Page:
Transferring all of the sample onto the column requires slow flows through the liner while active analytes are exposed to the high temperature of the injection port and compounds have longer contact time with active surfaces. Even stable compounds have wider peak widths compared to split analysis using this slow transfer. In the environmental laboratory, a dual column was used with one injection port and a guard column attached to a press-tight “Y” connector that split to a PEG column and a confirmation column, a trifluoropropyl phase.

This second phase is considered nonpolar relative to a PEG column and did not perform as well with water. Water does not properly focus on this phase and forms droplets at the head of the column, which can result in split peaks, shifting retention times, and in extreme examples may extinguish the flame ionization detector (FID). When everything was running smoothly our reporting limit was 10 ng on-column and subsequent work using a direct injection (uniliner) technique cut the reporting limit in half.

We revisited this analysis with the goal of reproducing some of the chromatographic struggles of my past and developing a new approach that will extend column lifetime, reduce maintenance, and achieve lower detection limits. Returning to splitless injection, we followed the same conditions as above. Initial chromatography using a PEG phase resulted in acceptable peak shape initially, but following 80 water injections in splitless mode produced those familiar broad peaks that over time move together into an indiscernible hump (Figure 1).

Our theory is that the hydrophilic nature of the PEG column and hydrogen bonding of the phase with water allows the column to retain moisture even at temperatures of 250 °C. The oven conditions used a final oven hold time of 250 °C for 2 min. After conditioning the column for two hours at 250 °C the peak shapes and retention times were restored to original performance (Figure 2). We were able to run 100% water samples and degrade the chromatography again over the course of 20 injections. An additional problem with 100% aqueous samples is the build-up of residue in the barrel of the syringe causing the syringe plunger to either become bent during injection or stuck causing an autosampler error (Figure 3). Another interesting trick other laboratories have used to maintain performance is to add methanol because it can assist in removing water from the column and can prevent autosampler syringe problems. In our next experiment we used 10:90 methanol–water to standards and water samples without baking out the column and maintained the gas chromatography (GC) program with a 2-min hold at 250 °C. Again, the column performance was restored with performance similar to Figure 2.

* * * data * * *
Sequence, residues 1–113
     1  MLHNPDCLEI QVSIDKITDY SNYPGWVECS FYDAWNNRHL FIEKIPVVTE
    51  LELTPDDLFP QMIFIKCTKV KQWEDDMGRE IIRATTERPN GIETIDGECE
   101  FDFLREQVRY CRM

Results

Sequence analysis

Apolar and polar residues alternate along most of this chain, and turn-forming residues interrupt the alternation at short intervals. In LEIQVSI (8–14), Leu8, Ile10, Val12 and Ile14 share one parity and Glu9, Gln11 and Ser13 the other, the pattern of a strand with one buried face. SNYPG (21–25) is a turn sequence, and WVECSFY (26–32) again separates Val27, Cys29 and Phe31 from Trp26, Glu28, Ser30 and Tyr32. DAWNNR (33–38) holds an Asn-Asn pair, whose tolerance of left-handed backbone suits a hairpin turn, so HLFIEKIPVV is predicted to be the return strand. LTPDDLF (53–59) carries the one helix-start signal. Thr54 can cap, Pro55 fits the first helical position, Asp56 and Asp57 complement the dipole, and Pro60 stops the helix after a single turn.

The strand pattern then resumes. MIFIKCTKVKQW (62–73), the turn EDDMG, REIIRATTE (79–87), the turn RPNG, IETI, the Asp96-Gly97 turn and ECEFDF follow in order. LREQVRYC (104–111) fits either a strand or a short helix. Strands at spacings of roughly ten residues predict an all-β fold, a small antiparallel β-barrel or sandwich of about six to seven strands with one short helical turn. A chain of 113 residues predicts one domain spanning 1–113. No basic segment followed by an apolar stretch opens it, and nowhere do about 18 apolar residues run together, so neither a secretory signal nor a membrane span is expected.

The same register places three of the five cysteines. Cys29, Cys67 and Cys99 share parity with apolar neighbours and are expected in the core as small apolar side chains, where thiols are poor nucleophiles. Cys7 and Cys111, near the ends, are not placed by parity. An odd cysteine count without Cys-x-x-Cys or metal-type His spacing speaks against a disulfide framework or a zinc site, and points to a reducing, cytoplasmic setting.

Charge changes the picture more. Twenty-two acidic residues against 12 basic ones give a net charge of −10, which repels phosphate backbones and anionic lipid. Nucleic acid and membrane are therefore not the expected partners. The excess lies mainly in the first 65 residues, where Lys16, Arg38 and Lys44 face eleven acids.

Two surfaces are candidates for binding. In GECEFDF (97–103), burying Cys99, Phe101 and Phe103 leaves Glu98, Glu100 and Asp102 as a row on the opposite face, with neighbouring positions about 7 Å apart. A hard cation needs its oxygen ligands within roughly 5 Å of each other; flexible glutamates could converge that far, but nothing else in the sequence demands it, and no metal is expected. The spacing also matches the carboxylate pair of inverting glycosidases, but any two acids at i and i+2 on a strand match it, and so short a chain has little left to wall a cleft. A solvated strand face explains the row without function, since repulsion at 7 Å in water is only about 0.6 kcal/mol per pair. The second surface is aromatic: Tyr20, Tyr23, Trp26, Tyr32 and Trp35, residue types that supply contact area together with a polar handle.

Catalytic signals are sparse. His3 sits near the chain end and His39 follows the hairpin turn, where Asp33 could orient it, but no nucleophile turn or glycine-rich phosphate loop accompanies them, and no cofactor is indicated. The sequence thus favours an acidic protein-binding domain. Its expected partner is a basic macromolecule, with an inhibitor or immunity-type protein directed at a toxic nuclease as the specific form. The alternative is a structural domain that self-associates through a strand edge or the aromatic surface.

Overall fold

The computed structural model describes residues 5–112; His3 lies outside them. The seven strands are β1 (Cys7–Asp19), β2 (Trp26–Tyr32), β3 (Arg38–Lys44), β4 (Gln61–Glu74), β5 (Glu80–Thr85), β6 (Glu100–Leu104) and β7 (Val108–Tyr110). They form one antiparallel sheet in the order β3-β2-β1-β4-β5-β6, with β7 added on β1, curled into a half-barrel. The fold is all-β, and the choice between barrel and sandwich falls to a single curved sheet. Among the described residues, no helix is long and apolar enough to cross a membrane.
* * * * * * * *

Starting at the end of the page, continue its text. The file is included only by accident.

My colleague, Corby Hilliard, set out to develop a comprehensive in-house method development study by evaluating a variety of conditions that would result in reliable symmetrical peaks and stable retention times (1). A lifetime study was conducted on three PEG columns to determine if the method would hold up to repeated water injections and maintain chromatographic performance. The experimental design consisted of ten injections of 100% water (1 µL splitless) followed by an injection of a 50 µg/mL glycol standard (50:1 split injection, 1 ng on‑column). The injections were made in splitless mode to increase column exposure to water, creating a more severe test; the standard injection was made in split mode.